UK PM Johnson is facing a tide of anger from public and politicians over claims he and his staff flouted pandemic restrictions by socialising when it was banned.
UK Prime Minister Boris Johnson has apologised for attending a garden party during Britain’s coronavirus lockdown in 2020, but brushed aside opposition demands that he resign for breaching the rules his own government had imposed.
Johnson acknowledged for the first time on Wednesday that he went to a May 2020 garden party at his Downing Street office, though he said that he had considered it a work event to thank staff for their efforts during the pandemic.
“I want to apologise. With hindsight, I should have sent everyone back inside," Johnson told lawmakers in the House of Commons.
Opponents and allies alike have been demanding Johnson come clean about the “bring your own booze” party, held when Britain was under a strict lockdown imposed by Johnson to curb the spread of the coronavirus.
An invitation to the “socially distanced drinks” gathering was emailed to about 100 people by a senior prime ministerial aide.
At the time, people in Britain were barred by law from meeting more than one person outside their household.
Thousands fined for breaking the ban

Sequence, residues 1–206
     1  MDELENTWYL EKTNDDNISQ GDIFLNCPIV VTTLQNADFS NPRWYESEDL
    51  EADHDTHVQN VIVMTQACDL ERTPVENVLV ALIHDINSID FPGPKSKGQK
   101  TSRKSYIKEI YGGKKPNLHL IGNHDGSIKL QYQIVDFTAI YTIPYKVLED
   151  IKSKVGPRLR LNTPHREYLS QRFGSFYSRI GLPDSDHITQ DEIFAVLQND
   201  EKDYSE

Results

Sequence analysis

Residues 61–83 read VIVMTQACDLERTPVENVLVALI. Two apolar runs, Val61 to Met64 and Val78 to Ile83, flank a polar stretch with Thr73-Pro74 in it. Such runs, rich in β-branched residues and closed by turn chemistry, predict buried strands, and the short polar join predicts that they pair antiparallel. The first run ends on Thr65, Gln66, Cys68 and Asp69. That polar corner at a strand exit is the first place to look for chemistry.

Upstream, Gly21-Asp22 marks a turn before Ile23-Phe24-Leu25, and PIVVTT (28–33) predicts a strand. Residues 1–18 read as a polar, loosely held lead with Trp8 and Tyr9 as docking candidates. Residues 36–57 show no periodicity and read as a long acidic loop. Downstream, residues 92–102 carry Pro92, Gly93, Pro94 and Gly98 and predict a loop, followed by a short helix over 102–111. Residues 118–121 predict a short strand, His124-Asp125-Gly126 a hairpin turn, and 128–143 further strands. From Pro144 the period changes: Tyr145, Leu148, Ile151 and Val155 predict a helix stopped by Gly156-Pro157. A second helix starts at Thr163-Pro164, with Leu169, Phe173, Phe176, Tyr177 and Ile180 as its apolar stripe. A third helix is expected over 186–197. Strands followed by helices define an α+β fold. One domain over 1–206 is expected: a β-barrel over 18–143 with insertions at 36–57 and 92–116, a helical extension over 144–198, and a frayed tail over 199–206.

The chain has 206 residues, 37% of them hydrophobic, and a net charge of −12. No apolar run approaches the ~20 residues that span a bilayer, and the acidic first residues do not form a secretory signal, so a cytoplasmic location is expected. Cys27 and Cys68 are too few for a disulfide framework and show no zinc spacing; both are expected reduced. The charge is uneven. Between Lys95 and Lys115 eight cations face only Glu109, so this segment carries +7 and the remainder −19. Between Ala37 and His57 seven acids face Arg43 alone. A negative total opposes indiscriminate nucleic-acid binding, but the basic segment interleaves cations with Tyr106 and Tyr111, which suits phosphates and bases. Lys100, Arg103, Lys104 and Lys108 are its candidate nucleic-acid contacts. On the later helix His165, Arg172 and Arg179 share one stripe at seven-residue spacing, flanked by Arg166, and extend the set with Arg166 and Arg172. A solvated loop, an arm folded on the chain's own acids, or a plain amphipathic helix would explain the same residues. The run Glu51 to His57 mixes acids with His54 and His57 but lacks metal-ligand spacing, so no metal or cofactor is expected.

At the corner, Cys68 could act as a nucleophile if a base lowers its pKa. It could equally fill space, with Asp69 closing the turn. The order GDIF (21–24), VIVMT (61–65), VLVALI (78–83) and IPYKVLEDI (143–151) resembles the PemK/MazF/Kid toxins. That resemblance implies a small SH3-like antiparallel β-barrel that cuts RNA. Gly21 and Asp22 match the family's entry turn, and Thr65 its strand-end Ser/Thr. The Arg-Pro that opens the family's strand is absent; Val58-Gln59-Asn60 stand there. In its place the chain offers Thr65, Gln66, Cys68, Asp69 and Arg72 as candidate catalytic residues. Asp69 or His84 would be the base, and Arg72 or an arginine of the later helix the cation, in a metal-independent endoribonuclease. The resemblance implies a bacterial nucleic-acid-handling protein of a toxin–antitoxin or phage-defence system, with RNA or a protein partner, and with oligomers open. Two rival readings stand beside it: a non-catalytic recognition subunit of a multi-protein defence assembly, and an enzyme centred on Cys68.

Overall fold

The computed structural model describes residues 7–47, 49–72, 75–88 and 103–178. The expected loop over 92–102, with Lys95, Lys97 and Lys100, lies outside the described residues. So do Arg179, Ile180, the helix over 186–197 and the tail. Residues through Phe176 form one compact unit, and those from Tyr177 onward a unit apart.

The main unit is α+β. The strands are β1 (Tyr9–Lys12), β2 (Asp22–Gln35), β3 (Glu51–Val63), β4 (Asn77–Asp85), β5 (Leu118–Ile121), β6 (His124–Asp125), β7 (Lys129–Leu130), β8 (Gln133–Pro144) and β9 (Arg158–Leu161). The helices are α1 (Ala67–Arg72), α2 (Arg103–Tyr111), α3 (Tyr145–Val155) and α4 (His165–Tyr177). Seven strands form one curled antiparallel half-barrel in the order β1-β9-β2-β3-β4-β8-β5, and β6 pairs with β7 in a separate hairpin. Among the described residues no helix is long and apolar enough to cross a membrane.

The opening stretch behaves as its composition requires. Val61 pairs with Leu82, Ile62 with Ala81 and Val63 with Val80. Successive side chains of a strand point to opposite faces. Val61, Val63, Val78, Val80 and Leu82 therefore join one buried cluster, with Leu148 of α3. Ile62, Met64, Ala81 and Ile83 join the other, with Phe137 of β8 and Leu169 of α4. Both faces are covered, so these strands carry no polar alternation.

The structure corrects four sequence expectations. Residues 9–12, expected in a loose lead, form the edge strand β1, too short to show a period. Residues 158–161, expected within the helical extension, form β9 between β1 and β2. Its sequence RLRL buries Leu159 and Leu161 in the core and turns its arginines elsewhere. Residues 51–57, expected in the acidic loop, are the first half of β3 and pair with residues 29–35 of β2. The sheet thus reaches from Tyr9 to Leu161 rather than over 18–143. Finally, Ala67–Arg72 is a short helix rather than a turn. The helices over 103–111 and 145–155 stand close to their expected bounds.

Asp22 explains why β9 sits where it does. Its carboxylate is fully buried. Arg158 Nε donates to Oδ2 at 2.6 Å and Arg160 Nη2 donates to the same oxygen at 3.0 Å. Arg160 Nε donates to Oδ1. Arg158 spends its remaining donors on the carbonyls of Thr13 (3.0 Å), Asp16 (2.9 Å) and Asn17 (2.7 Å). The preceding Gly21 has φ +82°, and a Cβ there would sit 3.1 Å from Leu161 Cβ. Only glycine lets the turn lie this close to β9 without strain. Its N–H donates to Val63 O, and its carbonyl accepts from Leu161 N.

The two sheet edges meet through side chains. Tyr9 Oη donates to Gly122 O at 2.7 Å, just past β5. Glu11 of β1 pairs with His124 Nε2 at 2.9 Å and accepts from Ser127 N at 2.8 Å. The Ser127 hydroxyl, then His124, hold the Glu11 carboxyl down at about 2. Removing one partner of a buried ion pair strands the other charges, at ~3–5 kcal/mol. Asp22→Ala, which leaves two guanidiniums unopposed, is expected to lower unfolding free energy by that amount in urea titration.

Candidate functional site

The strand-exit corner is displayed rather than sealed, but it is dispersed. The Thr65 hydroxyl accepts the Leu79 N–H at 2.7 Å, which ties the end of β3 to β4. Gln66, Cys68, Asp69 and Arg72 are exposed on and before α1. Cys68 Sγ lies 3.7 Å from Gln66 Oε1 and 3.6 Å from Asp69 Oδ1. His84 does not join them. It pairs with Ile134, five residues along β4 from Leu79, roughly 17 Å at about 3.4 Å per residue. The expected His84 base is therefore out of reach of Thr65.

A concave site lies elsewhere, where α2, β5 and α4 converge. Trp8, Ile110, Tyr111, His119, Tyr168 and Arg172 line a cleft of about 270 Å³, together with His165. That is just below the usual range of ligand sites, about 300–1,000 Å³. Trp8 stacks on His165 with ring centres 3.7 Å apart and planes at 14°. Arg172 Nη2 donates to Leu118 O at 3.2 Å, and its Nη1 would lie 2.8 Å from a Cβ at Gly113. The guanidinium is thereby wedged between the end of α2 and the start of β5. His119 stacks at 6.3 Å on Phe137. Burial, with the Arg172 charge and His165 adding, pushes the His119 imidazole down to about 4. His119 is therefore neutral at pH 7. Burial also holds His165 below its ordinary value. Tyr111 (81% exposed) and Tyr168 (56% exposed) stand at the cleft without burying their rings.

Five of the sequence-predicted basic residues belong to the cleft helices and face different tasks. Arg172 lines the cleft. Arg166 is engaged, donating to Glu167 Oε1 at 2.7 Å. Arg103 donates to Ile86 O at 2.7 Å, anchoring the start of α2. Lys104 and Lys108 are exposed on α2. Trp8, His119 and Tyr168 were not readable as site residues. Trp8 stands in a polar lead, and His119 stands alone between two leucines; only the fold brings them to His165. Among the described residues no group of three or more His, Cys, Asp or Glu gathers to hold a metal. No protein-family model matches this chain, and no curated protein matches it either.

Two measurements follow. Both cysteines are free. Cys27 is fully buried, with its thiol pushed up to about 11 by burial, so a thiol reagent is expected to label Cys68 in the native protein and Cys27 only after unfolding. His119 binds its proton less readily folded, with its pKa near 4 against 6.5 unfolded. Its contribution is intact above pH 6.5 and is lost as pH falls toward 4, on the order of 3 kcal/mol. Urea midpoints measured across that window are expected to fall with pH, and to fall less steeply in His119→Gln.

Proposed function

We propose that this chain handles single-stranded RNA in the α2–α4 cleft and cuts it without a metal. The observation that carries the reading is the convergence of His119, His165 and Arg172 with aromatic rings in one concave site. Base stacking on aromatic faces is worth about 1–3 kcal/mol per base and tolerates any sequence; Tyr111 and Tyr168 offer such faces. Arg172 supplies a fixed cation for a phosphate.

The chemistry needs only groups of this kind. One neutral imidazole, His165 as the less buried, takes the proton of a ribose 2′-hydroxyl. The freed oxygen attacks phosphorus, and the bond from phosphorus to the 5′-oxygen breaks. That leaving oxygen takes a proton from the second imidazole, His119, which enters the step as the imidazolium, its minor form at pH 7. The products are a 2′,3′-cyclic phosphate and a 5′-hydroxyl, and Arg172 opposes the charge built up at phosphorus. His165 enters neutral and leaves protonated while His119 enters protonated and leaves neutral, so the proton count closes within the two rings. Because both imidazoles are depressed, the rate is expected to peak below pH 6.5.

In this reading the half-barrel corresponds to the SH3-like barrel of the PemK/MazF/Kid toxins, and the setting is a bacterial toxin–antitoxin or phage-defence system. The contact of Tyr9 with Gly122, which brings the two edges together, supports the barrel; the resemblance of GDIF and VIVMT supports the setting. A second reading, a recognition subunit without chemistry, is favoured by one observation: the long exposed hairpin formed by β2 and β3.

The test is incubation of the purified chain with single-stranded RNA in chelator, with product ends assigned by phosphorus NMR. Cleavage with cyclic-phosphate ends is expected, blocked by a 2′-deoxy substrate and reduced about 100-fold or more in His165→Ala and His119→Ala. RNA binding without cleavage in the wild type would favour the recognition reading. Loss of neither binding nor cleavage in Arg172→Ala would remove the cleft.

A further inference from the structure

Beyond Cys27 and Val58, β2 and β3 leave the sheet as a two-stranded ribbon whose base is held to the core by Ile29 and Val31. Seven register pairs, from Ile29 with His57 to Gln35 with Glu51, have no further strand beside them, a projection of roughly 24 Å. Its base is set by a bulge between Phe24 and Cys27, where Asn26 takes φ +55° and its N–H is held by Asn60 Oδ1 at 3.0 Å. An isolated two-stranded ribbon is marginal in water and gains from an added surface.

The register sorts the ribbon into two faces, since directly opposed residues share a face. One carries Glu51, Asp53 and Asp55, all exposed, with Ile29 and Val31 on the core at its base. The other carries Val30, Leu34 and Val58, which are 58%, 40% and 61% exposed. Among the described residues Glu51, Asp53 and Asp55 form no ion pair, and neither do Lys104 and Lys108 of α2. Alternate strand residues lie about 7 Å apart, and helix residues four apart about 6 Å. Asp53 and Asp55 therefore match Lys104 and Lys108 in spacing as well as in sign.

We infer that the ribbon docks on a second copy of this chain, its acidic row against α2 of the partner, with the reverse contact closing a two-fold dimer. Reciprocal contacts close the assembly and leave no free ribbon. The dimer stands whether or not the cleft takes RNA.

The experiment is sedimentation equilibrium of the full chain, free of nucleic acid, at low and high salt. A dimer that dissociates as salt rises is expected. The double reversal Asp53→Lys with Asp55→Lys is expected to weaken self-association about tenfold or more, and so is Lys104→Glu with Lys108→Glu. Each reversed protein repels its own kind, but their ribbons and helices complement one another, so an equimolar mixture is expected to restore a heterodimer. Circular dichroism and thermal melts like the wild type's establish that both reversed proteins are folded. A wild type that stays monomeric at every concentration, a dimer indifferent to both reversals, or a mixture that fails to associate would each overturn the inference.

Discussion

During the UK’s first lockdown, which began in March 2020 and lasted for more than two months, almost all gatherings were banned.
Millions of people were cut off from friends and family, and even barred from visiting dying relatives in hospitals.
Thousands were fined by police for breaking the ban on gatherings.
So there has been widespread anger at claims Johnson’s Conservative government flouted the rules it had imposed on the rest of the country by holding garden parties, Christmas get-togethers and office quiz nights in Downing Street, which is both the prime minister’s home and his office.
Some members of his Conservative Party have joined in the criticism, saying he must quit if he can’t quell the furore.
Opposition Labour Party leader Keir Starmer said Johnson's statement was "the pathetic spectacle of a man who has run out of road.
“His defence … that he didn’t realise he was at a party is so ridiculous that it’s actually offensive to the British public,” Starmer said.
“He’s finally been forced to admit what everyone knew, that when the whole country was locked down he was hosting boozing parties in Downing Street. Is he now going to do the decent thing and resign?”
Johnson declined to resign, but said he understood the rage of people who “have made extraordinary sacrifices over the past 18 months.”
“I understand the anger, the rage that they feel at the thought that people in Downing Street were not following those rules,” Johnson said - though he didn't explicitly admit that he had broken any rules.
The prime minister urged people to await the conclusions of an investigation by senior civil servant Sue Gray into several alleged parties by government staff.
Gray is due to report her findings by the end of the month.